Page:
Standard Oil Co. v. Clark

Decision Date22 September 1947
Docket NumberDocket 20406.,No. 185,185
Citation163 F.2d 917
PartiesSTANDARD OIL CO. et al. v. CLARK, Atty. Gen.
CourtU.S. Court of Appeals — Second Circuit

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Theodore S. Kenyon and John W. Davis, both of New York City (Kenyon & Kenyon, Edgar F. Baumgartner, Ralph M. Carson, Harold W. Bissell, and Taggart Whipple, all of New York City, on the brief), for plaintiffs.

M. S. Isenbergh, Sp. Asst. to Atty. Gen., and James L. Morrisson, Atty., Claims Div., Dept. of Justice, of Washington, D. C. (John F. X. McGohey, U. S. Atty., of New York City, John F. Sonnett, Asst. Atty. Gen., Harry LeRoy Jones, Sp. Asst. to Atty. Gen., John Ward Cutler, Acting Gen. Counsel, and Maximilian Friedmann, Atty., Office of Alien Property, Dept. of Justice, both of Washington, D. C., on the brief), for defendant.

Before CHASE, CLARK, and FRANK, Circuit Judges.

CLARK, Circuit Judge.

This is an action to recover property claimed to have been wrongfully seized and vested in himself by the Alien Property Custodian, brought by four corporations usually referred to as the "Jersey" group. The corporations are the parent holding company, Standard Oil Company (New Jersey), referred to as Standard, and three subsidiaries: Standard Oil Development Company, called Development; Standard Catalytic Company, originally S.I.G. Company, thereafter Standard I.G. Company, and usually referred to as S.I.G.; and Jasco, Incorporated. The property in question was vested by the Custodian in himself as being the property of the German corporation, I.G. Farbenindustrie, A.G., called I.G.; but the plaintiffs' contention is that it is, instead, owned by themselves, American corporations. It consists of shares of stock of American corporations and United States patents in the hydrocarbon field for the treatment of natural gas, crude petroleum, coal, and other materials to produce marketable products in the oil, natural gas, and gasoline industries. Specifically it consisted of 200 shares of S.I.G. stock, 5 shares of Jasco stock, 425 shares of Hydrocarbon Synthesis Corporation (USAC) stock, many hundreds of patents relating principally and directly to the hydrocarbon field called Class A S.I.G. patents, many hundreds of patents merely useful in that field called Class B S.I.G. patents, and many Jasco patents relating to the Acetylene Arc, Paraffin Oxidation, Oppanol, and Buna processes.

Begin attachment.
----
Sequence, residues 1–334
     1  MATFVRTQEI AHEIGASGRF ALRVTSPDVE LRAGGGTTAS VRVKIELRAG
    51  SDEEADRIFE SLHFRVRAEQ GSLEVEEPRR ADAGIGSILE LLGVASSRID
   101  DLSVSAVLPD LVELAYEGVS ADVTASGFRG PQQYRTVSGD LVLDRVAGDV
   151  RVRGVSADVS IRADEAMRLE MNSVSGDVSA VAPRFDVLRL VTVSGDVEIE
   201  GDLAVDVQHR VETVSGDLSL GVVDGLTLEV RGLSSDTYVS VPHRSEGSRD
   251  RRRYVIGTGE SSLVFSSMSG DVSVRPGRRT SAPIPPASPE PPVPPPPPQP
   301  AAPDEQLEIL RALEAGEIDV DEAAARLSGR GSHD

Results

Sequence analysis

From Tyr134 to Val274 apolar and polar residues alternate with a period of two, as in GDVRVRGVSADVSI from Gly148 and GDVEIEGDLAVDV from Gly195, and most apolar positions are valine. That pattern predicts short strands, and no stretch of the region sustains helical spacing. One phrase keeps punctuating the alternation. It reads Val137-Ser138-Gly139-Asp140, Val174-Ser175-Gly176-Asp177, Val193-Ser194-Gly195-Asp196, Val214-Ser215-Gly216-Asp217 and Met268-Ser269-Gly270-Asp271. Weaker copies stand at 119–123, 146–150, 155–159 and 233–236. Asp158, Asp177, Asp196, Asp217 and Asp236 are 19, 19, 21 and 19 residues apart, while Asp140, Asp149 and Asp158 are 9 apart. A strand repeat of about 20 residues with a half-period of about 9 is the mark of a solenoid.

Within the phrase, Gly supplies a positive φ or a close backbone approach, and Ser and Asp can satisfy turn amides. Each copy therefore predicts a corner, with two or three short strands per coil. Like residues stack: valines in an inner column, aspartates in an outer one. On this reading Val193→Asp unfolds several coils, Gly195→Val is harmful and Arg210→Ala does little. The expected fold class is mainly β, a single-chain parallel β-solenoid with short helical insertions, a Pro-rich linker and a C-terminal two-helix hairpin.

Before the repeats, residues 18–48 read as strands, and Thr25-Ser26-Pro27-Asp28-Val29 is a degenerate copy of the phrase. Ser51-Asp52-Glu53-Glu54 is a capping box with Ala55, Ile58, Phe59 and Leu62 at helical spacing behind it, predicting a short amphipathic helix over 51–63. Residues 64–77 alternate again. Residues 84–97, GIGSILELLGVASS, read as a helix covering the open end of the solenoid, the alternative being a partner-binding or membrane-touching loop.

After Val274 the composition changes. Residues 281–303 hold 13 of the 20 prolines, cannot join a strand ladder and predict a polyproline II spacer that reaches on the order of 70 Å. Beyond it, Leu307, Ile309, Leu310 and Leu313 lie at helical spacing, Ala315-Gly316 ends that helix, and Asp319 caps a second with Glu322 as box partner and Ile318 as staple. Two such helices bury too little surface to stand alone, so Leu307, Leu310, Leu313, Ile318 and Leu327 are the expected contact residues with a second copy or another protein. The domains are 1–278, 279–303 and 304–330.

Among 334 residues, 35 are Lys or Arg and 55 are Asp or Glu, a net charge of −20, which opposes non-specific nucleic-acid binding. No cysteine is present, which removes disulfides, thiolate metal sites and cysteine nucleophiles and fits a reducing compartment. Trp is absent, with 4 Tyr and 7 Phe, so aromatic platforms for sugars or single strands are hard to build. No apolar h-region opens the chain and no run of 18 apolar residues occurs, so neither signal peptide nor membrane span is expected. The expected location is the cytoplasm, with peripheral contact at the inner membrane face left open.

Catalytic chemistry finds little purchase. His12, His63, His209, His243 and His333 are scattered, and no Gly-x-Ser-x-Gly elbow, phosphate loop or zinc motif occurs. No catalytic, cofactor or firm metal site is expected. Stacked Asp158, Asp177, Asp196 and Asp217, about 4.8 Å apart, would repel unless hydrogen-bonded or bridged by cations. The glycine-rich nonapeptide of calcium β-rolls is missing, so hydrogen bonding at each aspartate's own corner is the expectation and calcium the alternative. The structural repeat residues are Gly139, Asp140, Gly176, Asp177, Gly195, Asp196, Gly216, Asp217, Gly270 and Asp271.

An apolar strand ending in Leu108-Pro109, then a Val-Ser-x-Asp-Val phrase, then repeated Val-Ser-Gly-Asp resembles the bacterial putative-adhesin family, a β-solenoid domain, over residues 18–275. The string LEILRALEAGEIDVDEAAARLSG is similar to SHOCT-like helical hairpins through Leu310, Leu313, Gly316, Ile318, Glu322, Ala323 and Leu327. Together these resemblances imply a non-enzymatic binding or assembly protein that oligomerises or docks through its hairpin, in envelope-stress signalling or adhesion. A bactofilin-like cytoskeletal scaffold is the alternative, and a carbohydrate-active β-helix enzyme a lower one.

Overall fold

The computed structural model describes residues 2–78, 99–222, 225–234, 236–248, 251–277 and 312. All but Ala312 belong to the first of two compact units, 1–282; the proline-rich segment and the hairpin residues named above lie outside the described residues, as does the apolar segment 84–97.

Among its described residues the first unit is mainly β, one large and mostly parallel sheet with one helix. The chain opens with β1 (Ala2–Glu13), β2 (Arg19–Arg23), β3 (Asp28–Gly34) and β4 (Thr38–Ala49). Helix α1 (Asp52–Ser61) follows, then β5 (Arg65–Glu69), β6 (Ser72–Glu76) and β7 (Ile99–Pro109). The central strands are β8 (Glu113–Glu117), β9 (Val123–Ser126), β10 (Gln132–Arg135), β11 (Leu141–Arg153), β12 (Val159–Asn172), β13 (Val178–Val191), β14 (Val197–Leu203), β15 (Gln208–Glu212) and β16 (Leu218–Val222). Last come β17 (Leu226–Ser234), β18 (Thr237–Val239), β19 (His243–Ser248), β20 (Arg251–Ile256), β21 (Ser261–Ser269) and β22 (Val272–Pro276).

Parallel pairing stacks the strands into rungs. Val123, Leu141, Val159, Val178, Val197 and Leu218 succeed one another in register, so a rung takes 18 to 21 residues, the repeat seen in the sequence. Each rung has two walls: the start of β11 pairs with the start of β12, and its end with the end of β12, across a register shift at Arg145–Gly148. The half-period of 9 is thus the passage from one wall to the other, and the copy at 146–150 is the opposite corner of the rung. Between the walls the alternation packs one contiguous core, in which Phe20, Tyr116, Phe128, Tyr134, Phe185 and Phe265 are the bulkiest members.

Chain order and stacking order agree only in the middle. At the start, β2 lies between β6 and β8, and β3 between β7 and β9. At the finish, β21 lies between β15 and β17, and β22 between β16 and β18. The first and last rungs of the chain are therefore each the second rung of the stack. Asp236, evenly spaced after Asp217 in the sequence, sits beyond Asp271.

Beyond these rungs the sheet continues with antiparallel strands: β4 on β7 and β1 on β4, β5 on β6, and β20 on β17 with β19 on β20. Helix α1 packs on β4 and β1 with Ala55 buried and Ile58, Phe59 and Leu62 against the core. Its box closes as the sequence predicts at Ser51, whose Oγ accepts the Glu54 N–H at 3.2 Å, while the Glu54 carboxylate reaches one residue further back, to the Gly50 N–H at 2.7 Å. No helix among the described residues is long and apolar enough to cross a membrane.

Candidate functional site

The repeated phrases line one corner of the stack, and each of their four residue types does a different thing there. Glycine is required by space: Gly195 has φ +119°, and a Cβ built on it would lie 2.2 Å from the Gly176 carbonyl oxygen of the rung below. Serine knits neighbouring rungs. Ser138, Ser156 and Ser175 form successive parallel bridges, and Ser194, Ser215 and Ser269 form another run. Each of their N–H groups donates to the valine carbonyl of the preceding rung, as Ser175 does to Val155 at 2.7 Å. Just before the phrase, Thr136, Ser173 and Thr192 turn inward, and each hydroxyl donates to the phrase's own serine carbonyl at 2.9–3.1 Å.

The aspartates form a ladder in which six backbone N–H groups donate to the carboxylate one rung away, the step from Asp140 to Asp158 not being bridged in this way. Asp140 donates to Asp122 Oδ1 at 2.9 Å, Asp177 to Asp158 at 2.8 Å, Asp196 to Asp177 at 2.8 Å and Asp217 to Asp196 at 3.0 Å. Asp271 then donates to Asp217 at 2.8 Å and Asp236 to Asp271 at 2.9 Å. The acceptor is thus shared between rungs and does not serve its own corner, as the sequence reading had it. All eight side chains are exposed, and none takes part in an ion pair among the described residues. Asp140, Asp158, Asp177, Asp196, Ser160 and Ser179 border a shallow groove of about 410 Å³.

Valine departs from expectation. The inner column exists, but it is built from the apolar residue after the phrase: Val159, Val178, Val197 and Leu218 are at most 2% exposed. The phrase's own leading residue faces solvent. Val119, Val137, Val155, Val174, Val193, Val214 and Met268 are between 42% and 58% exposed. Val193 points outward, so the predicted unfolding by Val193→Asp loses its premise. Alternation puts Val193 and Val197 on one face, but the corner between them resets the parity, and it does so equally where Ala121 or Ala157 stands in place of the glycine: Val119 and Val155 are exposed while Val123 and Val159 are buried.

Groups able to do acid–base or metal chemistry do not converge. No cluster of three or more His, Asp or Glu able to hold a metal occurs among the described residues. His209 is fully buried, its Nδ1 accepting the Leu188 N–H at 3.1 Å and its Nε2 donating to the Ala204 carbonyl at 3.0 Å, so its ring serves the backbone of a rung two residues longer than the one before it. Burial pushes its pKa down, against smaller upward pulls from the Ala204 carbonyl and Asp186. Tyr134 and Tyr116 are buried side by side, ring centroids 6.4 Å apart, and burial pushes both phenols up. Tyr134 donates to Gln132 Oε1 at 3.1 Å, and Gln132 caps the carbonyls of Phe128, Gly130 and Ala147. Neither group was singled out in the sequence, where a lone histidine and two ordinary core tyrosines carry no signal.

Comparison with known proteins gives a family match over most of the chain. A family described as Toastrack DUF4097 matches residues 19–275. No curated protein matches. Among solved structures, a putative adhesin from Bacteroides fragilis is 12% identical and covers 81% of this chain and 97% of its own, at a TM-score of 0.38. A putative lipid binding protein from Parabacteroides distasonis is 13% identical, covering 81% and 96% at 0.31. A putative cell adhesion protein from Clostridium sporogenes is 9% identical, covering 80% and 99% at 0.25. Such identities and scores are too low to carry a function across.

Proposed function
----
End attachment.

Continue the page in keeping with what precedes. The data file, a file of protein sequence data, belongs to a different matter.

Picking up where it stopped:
The case presents a fascinating picture of the interrelationships of two vast private commercial empires, among the largest in the world, acting in hearty co-operation in division of their respective fields of operation and making and executing plans for continuance of that co-operation under the stress of developing friction and approaching war between the countries of which they were, after all, respectively nationals. For the purposes of this appeal we need not attempt to set forth that extensive history in detail; as a matter of fact, Judge Wyzanski, in his careful and searching decision below, Standard Oil Co. v. Markham, D.C.S.D.N.Y., 64 F.Supp. 656, has made the labors of review as light as the momentous nature of the issues permit. Broadly speaking, the great German I.G. Farbenindustrie, A.G., had developed original means and methods of manufacture and production with respect to gasoline, oils, and rubber, of which the Jersey group desired to obtain rights of exploitation, particularly in the light of its concern with the apparently limited reserves of oil in the world. So negotiations were opened in 1926; and from 1929, agreements were entered into by the respective parties to this end, which involved, among other things, the organization of new jointly controlled companies — S.I.G. and Jasco — and payments going into the many millions by the American to the German interests for the rights thus obtained. The District Court has held those arrangements, as had prior to October, 1939, legal so far as the Trading with the Enemy Act is concerned. But at that date the outbreak of World War II had already occurred, and the parties made arrangements then for the transfer of stocks, patents, and other property to the American interests. These latter transfers the court adjudged to be sham, made with the intent of merely passing an apparent title against later possible seizure by the United States Government in the event of war — an event which the parties correctly foresaw — with beneficial ownership still in fact with the German corporation. Hence in broad outline the judgment below returned to the plaintiffs the property acquired before the October, 1939, agreement and refused to return the remainder. And so both opposing parties appealed.